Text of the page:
For the earliest fortifications, see Lawrence H. Keeley, War Before Civilization (New York: Oxford University Press, 1996), and Arther Ferrill, The Origins of War (London: Thames and Hudson, 1985). For siege warfare in biblical times, see Yigael Yadin, The Art of Warfare in Biblical Lands in the Light of Archaeological Discovery (London: McGraw-Hill, 1963).


Good examples of early gates can be found at Abydos in Egypt (29th century B.C.E.) and at Troy II (early third millennium B.C.E.). See Alexander Badawy, Architecture in Ancient Egypt and the Near East (Cambridge: MIT Press, 1966), p. 57; and Yadin, Warfare in Biblical Lands, p. 57.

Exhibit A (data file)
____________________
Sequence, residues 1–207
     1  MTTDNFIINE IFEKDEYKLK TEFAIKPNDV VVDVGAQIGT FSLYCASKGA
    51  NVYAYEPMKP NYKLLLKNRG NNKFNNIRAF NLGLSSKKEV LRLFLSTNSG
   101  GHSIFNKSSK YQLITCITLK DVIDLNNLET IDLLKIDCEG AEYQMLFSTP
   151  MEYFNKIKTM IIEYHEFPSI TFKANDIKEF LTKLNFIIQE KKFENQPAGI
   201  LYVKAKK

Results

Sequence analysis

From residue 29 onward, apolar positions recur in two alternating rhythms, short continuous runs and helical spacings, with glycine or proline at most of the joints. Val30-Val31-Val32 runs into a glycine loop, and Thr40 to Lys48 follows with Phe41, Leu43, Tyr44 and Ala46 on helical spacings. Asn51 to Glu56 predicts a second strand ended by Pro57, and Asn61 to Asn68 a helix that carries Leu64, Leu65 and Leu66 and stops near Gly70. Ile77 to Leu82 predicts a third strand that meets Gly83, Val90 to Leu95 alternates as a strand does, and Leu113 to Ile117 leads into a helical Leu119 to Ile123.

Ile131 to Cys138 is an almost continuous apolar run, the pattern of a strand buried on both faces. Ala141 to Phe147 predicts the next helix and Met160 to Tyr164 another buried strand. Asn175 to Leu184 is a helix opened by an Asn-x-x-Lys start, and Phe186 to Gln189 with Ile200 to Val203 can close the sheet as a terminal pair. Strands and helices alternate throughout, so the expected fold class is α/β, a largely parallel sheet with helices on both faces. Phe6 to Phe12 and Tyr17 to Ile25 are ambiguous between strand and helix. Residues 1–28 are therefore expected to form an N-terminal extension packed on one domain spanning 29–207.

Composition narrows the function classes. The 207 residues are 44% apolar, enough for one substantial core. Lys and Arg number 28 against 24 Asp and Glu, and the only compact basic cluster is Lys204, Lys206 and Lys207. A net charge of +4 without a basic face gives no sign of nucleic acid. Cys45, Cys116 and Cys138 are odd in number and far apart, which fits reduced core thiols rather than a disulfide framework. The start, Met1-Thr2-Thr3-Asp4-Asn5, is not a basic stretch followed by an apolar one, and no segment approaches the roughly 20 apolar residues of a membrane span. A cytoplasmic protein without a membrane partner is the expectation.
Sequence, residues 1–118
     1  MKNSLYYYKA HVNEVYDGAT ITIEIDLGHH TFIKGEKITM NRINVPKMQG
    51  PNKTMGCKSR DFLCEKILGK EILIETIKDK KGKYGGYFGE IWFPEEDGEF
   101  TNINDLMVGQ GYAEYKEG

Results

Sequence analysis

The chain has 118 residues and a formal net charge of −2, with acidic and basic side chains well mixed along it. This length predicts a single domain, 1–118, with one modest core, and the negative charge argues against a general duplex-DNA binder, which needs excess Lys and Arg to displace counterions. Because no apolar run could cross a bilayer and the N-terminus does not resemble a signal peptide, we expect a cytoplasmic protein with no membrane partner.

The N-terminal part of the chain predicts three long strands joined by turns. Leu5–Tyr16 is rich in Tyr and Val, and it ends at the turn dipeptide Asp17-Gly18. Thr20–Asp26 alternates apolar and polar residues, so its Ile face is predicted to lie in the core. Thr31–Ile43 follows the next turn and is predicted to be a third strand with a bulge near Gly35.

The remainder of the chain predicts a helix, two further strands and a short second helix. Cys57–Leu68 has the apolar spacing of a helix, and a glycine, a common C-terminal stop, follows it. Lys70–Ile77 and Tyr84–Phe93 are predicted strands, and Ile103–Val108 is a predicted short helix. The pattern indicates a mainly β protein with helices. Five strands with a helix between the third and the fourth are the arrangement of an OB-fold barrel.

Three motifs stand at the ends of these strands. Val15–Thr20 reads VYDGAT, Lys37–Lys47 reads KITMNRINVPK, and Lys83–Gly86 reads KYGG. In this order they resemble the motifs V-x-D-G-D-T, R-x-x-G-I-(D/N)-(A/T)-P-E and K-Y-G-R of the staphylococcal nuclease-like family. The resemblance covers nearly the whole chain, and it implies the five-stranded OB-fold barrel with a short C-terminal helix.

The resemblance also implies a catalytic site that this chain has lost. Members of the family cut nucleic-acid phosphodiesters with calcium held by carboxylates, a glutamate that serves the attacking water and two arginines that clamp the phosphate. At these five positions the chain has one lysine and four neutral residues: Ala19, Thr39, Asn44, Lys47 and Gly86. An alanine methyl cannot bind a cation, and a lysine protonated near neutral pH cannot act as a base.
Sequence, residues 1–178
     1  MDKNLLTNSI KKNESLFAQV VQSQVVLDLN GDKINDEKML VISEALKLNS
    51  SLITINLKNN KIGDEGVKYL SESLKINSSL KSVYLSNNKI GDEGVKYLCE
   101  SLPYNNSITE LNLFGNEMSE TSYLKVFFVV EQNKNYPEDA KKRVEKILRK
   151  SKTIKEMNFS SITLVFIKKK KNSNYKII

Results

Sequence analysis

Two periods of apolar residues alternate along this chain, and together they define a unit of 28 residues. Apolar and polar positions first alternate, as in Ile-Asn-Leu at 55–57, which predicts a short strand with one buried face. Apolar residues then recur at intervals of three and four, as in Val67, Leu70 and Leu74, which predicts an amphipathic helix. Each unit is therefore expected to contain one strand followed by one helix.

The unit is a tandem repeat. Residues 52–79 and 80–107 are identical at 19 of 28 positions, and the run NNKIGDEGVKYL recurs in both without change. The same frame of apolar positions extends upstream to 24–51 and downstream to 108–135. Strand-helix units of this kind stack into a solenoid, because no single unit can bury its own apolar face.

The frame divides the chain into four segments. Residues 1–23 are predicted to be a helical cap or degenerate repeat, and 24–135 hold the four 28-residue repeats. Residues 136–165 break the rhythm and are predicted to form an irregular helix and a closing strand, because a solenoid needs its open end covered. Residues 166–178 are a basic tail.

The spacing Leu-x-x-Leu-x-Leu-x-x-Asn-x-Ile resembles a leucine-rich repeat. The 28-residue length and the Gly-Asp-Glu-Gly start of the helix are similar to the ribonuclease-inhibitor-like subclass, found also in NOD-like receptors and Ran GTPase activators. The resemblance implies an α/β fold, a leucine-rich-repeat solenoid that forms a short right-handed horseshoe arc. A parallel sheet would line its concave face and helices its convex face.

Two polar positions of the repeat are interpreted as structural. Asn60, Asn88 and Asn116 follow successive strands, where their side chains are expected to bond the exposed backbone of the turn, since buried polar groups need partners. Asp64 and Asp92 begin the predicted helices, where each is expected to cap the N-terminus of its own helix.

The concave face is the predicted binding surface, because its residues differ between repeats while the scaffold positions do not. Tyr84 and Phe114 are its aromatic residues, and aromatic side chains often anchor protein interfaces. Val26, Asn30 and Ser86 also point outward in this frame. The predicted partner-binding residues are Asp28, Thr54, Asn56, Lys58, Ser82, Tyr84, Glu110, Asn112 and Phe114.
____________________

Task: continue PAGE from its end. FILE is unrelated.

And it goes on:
See David Ussishkin, The Conquest of Lachish by Sennacherib (Tel Aviv: Tel Aviv Univ. Institute of Archaeology, 1982), for a description of the remarkable archaeological evidence of the siege of Lachish.


See Thucydides’s Peloponnesian War, books 6 and 7, for his famous narrative of the Sicilian expedition.


The best ancient source on Alexander the Great is the second-century C.E. Roman historian Arrian, who used the work of Ptolemy, one of Alexander’s generals, as a source.